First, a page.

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Routes to Resilience: Mechanisms of Healthy Development in Minority Adolescents from High-Risk Urban Neighborhoods

  • Author(s): Dill, LeConte Jeanine
  • Advisor(s): Ozer, Emily
  • et al.
Abstract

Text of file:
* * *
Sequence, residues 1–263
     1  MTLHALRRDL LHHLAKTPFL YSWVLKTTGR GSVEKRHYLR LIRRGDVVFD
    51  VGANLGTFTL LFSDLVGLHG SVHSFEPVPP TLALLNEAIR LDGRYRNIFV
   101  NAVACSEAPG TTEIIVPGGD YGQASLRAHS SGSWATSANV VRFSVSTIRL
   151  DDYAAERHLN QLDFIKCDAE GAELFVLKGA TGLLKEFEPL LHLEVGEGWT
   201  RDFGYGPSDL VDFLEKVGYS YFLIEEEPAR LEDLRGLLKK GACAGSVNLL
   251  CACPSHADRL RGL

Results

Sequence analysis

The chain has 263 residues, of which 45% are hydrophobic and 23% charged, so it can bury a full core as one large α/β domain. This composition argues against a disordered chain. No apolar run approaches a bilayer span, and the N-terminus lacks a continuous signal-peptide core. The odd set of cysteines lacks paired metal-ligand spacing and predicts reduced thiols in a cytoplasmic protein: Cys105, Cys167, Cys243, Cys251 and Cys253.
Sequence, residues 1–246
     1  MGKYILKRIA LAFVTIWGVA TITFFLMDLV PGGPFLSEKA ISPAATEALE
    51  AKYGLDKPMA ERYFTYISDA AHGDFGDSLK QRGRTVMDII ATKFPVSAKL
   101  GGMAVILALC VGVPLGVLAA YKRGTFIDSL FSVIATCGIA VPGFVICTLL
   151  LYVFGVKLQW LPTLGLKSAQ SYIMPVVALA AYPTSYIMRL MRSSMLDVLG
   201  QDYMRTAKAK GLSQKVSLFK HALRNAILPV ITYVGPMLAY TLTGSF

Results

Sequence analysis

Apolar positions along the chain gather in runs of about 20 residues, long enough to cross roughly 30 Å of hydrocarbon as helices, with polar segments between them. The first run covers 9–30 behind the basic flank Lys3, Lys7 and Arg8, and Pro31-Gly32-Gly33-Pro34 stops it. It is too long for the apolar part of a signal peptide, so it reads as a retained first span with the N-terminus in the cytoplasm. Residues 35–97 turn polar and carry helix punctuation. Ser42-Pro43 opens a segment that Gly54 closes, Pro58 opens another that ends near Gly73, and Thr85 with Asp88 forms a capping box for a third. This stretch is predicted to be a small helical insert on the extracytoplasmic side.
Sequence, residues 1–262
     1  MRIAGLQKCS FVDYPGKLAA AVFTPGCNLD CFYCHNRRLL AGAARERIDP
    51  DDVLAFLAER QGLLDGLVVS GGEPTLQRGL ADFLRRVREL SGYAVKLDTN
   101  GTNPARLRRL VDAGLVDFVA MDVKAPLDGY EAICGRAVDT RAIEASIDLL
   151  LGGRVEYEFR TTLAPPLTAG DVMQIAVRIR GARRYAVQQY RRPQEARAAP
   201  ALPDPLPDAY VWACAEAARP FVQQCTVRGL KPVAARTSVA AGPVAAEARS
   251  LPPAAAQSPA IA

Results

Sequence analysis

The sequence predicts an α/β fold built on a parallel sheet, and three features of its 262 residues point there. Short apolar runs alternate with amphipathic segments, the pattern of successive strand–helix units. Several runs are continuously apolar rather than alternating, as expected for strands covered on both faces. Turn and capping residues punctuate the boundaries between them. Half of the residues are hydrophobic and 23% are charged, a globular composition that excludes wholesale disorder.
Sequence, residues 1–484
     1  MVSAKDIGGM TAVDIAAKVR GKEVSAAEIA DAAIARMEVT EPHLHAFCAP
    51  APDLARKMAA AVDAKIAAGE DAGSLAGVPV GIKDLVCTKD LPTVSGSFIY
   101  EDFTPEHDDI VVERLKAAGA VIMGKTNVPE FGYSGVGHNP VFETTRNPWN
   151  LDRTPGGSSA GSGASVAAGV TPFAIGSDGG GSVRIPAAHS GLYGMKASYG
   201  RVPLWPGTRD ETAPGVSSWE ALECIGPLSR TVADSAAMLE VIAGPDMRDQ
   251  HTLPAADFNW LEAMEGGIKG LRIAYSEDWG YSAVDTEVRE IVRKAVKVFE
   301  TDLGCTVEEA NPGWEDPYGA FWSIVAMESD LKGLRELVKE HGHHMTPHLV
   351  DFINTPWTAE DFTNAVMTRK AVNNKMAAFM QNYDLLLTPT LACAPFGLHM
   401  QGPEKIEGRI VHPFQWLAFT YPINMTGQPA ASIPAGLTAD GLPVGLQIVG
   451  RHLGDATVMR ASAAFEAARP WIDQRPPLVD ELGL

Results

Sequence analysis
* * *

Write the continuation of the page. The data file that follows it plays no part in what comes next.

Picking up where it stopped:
This study examines how minority adolescents actively work to stay safe and to improve their life chances within urban neighborhoods marked by high rates of crime, violence, and physical disorder. Often, these youth are seen as resilient by others; however, the work that goes into building resilience is often overlooked. This study provides a deeper understanding of the ongoing processes of resilience that occur over the course of adolescence. Ethnographic approaches and participatory narrative analyses reveal that urban minority adolescents make strategic choices about where they will spend their time and the relationships they invest in, and they develop an internal set of beliefs about faith. Building on empirical studies examining adolescents' resilience in their family and school settings, these results detail how youth strategically avoid unsafe spaces and people and seek out safe spaces and people within their neighborhoods. Once young people find a safe space, such as a neighborhood youth center, they seek out adult mentors there who will help them access educational and professional opportunities. The relationships that develop in safe spaces help to provide social mobility for the youth. Despite these efforts, youth are routinely exposed to violence, stress, and trauma. In these situations, youth harness spiritual beliefs and practices that shore them up when all else fails. These strategies work together to magnify the effect of resilience in the lives of urban minority adolescents. This study's findings have implications for research and practice related to the mechanisms of positive youth development. Youth's own narratives of resilience add rich detail to this work. Further interdisciplinary inquiry into the external and internal factors at play in the processes of resilience can reinforce the linkages between youth development, neighborhood ecology, and public health.

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